Anarchists are frequently accused by non-anarchists of having nothing practical to offer and of living in the remotest of irresponsible fantasy worlds. And that's when the non-anarchists are being really nice. Anarchy is such a dirty word (maybe the dirtiest of all seven-letter words) that even the hippest of 'progressives' still employ it to suggest mere desolate chaos. Everyone knows that formerly all anarchists wore long black coats under which were hidden knives, guns, bombs, and vials of poison. And they had no families or real friends. They just sprouted like mutant mushrooms from black concrete cracks in the foulest of dank urban shadows. Even low-end criminals were more human. And the current crop of anarchists are not even good anarchists; they're just mentally ill parasite punks who live in mom's or grandma's basement. And never even take out their trash (from which they themselves become more and more difficultly distinguished).
When former Yale University anthropology professor David Graeber describes himself as an anarchist (having been one since the age of 16) it simply either doesn't compute (a joke or misappropriated term) or he immediately becomes suspected of being a strictly untrustworthy substance-less character who in some inexplicable fashion snaked his way up into a Yale professorship. Graeber was also an influential figure in the Occupy Wall Street movement, and probably coined the slogan, "We are the 99 percent". Watch this short video as an introduction to him:
And here is a Graeber quote:
In the year 1930, John Maynard Keynes predicted that, by century's end, technology would have advanced sufficiently that countries like Great Britain or the United States would have achieved a 15-hour work week. There's every reason to believe he was right. In technological terms, we are quite capable of this. And yet it didn't happen. Instead, technology has been marshaled, if anything, to figure out ways to make us all work more. In order to achieve this, jobs have had to be created that are, effectively, pointless. Huge swathes of people, in Europe and North America in particular, spend their entire working lives performing tasks they secretly believe do not really need to be performed. The moral and spiritual damage that comes from this situation is profound. It is a scar across our collective soul. Yet virtually no one talks about it.
It was this very fact referred to by Graeber that led me to write one on my novels, Bartleby, The Anarchist (not in print -- only one of my novels remains in print -- anarchist novels don't sell well enough to satisfy capitalist publishers). What politicians does Graeber support? None. He's an anarchist; he sees politics as a degenerate form of social relations and tries to educate and encourage people to not cooperate with such social structures and create their own more healthy social relations. But this article is about my proposals (and confessions), not Graeber's. So let me begin again.
I was born into American poverty. If you think that such poverty isn't real poverty then let me tell you that when I was a small boy my mother and I (abandoned by my father -- a pool-hall hoodlum) lived in an Army barracks unit that was no longer in use. Two rooms. One sink. One toilet. No hot water. No electricity. There were days when we had literally nothing to eat (not a good thing for small bones trying to grow). My mother finally found a job paying 90 cents an hour and we moved into a tiny apartment. Because my mother worked she had to find someone to watch me. She did find someone, but she picked me up after work one day and discovered what were, clearly, bite marks on my arms. I don't know how she did it, but somehow she got the money to get us on a train to another state and to the city where her sister lived. We arrived in the new city absolutely penniless. My mother found another job and we were able to move out of her sister's place and into another tiny apartment. And I proceeded to grow up in an environment of poverty and violence.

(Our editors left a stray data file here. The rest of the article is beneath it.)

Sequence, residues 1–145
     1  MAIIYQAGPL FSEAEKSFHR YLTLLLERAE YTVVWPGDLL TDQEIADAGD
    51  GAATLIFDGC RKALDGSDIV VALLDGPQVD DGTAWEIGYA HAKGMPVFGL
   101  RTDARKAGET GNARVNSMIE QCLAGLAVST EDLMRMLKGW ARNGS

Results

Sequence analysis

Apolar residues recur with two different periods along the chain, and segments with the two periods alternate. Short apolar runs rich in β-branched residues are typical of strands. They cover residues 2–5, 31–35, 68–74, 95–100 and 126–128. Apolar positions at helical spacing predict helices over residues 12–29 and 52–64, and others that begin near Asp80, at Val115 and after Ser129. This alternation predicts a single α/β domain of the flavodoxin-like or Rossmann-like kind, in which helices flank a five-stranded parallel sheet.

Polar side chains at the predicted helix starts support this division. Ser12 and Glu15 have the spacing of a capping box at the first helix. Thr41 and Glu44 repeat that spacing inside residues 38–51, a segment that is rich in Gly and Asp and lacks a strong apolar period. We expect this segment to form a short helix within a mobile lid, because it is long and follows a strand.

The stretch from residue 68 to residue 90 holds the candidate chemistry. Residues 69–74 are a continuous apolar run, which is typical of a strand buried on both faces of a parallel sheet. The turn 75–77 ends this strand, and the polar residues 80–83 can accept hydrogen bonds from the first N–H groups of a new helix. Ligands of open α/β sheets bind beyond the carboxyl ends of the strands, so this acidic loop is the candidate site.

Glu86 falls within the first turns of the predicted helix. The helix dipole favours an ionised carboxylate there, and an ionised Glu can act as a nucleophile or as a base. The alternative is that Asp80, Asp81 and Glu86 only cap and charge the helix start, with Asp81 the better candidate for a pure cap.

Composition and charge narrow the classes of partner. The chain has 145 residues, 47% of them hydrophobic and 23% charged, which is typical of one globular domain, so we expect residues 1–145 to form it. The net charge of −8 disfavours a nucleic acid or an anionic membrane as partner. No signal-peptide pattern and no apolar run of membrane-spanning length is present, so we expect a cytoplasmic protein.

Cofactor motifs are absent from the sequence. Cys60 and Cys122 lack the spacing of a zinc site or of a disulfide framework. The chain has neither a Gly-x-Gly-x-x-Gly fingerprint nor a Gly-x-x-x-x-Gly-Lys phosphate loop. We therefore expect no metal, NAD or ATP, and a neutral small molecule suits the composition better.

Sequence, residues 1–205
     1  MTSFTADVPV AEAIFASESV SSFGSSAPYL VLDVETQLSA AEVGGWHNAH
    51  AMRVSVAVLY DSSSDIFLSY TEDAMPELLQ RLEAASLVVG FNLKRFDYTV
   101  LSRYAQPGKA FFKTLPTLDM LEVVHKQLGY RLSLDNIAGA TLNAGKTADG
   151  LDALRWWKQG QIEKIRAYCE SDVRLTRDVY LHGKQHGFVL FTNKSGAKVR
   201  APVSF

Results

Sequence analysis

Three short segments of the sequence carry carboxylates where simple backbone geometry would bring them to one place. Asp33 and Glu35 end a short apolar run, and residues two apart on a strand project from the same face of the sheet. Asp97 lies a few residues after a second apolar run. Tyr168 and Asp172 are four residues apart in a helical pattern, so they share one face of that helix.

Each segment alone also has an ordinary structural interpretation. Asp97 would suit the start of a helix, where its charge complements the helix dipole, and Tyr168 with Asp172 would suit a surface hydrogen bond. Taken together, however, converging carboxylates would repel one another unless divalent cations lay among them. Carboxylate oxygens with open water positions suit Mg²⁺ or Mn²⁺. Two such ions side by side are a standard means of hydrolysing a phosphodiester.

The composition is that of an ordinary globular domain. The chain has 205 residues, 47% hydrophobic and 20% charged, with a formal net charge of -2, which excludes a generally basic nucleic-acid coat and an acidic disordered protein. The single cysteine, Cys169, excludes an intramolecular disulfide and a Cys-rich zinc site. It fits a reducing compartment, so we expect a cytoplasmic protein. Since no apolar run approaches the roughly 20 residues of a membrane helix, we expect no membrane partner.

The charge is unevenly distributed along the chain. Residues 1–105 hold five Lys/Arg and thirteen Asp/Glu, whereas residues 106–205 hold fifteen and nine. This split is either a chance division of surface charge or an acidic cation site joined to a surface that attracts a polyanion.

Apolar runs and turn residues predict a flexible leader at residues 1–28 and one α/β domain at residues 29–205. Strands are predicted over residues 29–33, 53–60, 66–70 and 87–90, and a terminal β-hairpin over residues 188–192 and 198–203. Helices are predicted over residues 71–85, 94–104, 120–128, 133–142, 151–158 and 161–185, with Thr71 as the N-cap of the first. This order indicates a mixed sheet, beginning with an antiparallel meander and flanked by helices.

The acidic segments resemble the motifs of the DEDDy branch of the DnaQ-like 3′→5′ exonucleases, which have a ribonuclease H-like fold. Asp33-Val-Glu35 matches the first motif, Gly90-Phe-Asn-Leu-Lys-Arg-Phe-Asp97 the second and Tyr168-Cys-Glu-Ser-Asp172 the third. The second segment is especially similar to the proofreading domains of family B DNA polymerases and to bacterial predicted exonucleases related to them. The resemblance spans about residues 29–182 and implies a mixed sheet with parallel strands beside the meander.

When I was 14 years old, one of my friends was killed by the police - a bullet in the brain. I still marvel at the fact that I was able to convince myself that I was worthy of anyone's respect. People who have not experienced poverty and violence as a young person have no idea what it does to your feelings about yourself. But there was something in me that refused to be crushed and humiliated. I grew up very suspicious of authority figures, especially male ones, but I wasn't crazy about the female ones either. I simply did not believe that they really cared about me. But I eventually realized that I really did care about me and it was this that taught me to really care about others.
By the time I was in my late teens I knew that the essence of human reality is personal growth and relationship. Anything else is secondary. I always had a hard time with the idea of 'God' even when I wanted to believe, but I never had a problem with the 'sacredness' of the human essence and at the same time I was tormented by the reality of human corruption which I eventually saw was a matter of fear. Fear of what? Fear of Reality. Fear of the deeper demands of life: the demand of facing the contradictions of being human and of needing that humanness to have meaning apparently in spite of itself. Fear of death. Fear of the fact that life and death are inseparable and that to embrace one is to embrace the other. Fear of learning how to embrace both. Fear of knowing that when you embrace both no one can have power over you ever again. Fear of knowing that when you embrace both then you will be free to go back to the beginning and start over correctly being able to love without sentimentality and without fear of that fear in others that always leads to the desire for power over others.